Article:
They say adults need seven to nine hours of sleep per night to be healthy and functional… but whoever said that clearly hasn’t found anything good to binge-watch on Netflix. Or hasn’t had to work until dawn to finish an important presentation. Or hasn’t had insomnia so bad that no amount of meditating or sheep-counting makes it go away.
Regardless of the reasons why we don’t get enough sleep, we really need to get better at meeting that seven to nine-hour recommendation. As it turns out, getting a good night’s sleep is super important for your health on numerous levels.
It probably goes without saying that a lack of sleep zaps your energy, which can affect everything from your cognitive skills to your athletic ability. A study done with basketball players showed that those who had the recommended hours of sleep had improvements in their speed, accuracy and reaction time when they were on the court. A similar study conducted at Stanford with college football players found they improved their sprint times and had more stamina when they slept for 10 hours a night over eight weeks. And if you’re big into training, skipping out on sleep robs your muscles of much-needed downtime to repair themselves for your next HIIT class.
A good night’s sleep also makes you more productive and enhances your problem-solving skills. But did you know it can also help you improve your memory and your capability to learn? It works a little like this: when you’re trying to learn something new, it takes practice—and practice is often repetitive. When you sleep, your brain processes through all that practice so that when you wake, in a way, you’re learning it even better because your brain has had the chance to sift through what it learned during the day.
A lack of sleep has also been linked to depression. It goes beyond the basic “morning crankiness” that can accompany a night of insomnia—especially if your sleep issues extend beyond that occasional sleepless night. When you sleep, your brain processes your emotions… so when you don’t get enough sleep, you can’t work through some of the emotional content you need to process, which turns into negative emotional reactions. Studies have shown that insomnia can make you five times more likely to suffer from depression, and potentially develop anxiety disorders.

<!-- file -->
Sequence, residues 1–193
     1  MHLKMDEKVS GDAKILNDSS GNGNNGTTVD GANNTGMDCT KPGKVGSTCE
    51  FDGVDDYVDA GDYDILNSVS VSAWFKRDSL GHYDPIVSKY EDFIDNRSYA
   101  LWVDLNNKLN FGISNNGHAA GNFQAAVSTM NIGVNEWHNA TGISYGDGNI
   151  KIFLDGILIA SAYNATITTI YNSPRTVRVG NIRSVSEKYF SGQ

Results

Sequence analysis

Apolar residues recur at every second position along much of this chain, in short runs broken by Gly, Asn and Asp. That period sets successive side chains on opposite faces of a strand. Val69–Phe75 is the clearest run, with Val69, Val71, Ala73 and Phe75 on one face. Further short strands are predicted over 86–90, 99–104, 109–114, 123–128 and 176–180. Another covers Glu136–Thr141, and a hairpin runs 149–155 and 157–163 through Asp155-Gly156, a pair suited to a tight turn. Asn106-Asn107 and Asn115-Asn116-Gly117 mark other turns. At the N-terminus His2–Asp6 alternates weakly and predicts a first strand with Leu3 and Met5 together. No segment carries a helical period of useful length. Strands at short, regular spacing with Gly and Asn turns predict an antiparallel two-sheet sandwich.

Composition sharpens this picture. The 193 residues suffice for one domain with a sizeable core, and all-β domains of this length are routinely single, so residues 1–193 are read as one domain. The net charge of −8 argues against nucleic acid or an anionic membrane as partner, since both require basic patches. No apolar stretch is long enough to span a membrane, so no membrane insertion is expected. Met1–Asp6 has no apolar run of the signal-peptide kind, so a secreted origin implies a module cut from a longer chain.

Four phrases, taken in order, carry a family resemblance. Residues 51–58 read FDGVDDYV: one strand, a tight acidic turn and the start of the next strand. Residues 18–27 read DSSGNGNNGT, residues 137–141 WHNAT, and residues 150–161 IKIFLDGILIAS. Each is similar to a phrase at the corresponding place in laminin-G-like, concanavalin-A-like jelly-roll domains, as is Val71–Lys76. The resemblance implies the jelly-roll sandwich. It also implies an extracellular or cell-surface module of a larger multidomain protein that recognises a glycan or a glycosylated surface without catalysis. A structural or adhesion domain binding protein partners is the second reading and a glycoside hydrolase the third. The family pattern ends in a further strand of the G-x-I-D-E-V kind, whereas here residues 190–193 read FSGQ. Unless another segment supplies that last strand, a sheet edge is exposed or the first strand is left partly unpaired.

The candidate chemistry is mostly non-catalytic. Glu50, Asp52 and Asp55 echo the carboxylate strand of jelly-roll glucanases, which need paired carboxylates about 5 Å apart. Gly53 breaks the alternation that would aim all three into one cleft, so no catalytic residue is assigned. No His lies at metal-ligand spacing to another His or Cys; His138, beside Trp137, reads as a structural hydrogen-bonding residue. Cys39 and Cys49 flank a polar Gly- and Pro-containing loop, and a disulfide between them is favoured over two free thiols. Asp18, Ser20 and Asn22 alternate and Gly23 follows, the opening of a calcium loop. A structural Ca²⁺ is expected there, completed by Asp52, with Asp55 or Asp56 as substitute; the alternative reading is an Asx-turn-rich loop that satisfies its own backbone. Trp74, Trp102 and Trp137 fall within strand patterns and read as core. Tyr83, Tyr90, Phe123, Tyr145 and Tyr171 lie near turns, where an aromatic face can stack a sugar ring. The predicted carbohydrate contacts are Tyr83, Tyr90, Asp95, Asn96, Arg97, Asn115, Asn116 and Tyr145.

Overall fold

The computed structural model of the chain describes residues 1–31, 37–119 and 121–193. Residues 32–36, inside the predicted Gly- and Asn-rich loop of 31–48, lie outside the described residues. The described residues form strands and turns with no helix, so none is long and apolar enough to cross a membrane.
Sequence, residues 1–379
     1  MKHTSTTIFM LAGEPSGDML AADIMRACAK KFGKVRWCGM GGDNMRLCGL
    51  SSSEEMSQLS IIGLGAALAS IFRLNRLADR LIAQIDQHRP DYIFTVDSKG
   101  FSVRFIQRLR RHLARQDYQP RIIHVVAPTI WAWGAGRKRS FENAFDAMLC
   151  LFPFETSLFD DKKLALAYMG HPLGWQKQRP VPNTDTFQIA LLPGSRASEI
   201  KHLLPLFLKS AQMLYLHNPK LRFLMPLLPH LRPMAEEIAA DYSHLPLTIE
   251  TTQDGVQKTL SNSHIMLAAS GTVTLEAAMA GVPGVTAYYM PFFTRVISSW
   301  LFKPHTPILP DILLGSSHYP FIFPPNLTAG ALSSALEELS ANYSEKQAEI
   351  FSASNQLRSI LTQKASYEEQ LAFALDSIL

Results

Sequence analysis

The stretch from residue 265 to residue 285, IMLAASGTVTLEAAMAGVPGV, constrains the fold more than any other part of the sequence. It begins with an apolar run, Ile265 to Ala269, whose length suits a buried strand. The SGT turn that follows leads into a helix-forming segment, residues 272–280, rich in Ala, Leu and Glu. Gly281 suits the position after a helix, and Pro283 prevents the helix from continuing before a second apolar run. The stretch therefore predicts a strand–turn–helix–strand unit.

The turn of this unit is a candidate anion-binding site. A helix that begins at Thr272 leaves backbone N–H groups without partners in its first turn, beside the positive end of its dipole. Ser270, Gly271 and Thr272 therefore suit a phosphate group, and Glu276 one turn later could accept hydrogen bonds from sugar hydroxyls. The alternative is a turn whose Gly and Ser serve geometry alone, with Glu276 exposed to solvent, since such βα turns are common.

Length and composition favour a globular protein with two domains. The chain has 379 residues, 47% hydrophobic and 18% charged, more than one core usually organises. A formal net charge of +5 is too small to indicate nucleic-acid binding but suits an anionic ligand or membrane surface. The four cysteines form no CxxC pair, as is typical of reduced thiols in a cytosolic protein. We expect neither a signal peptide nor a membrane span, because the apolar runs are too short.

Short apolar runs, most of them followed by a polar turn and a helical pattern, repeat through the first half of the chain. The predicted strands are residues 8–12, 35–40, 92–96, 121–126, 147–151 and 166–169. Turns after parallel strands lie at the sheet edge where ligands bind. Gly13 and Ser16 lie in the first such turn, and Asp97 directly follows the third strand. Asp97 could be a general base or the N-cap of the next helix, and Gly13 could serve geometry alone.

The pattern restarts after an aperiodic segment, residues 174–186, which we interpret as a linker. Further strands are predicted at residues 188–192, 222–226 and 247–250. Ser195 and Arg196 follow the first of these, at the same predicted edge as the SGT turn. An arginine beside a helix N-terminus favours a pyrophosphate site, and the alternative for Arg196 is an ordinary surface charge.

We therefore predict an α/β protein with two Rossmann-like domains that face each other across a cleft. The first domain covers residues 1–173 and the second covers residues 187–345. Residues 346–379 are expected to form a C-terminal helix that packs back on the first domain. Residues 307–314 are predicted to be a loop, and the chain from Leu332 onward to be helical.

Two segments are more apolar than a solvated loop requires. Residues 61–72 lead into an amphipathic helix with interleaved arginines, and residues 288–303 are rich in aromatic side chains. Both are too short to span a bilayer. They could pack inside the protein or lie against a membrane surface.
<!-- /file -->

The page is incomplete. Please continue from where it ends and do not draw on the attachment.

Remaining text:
If you have weight loss goals, make sure you’re not short-changing your sleep. Sleep deprivation can disrupt your hormones and messes with appetite regulation, which can make you susceptible to overeating. The University of Chicago did a study with dieters and discovered they felt hungrier when they didn’t sleep… and when they did, they lost more fat—or 56% of their weight loss. The sleep deprived lost more muscle mass.
A lack of sleep has also been linked to a greater risk of inflammation, which leads to diseases including heart disease, arthritis, strokes and more. Studies have shown that people who skip out on the recommended seven to nine hours per night have a greater risk of heart disease or stroke, and those who sleep less than six hours per night have higher levels of C-reactive protein, which is an inflammatory protein that’s linked to heart attack risk. Plus, it can also affect your glucose metabolism, which can mess with your blood sugar and insulin sensitivity—and that puts you at risk for type 2 diabetes.
Some doctors say getting enough sleep can positively affect your cholesterol levels—and it also helps your blood pressure go down. And if you find yourself susceptible to illness, you might want to make sure your quality and quantity of sleep is better. Yep—it affects your immune system, too. Sleep less, and it’ll change the way your immune cells work. Over time, you may not be as effective at fighting off germs and viruses.
And if that’s not enough to convince you, good sleep can help you live longer. In one study, researchers found that more deaths affected women between the ages of 50 and 79 who got less than five hours or more than six and a half hours of sleep per night.
Okay, so you might not live forever, but at least you can create a healthier version of you without even lifting a finger. So find that hourly sleep sweet spot for you, cuddle up, and catch some zzzzzzz’s!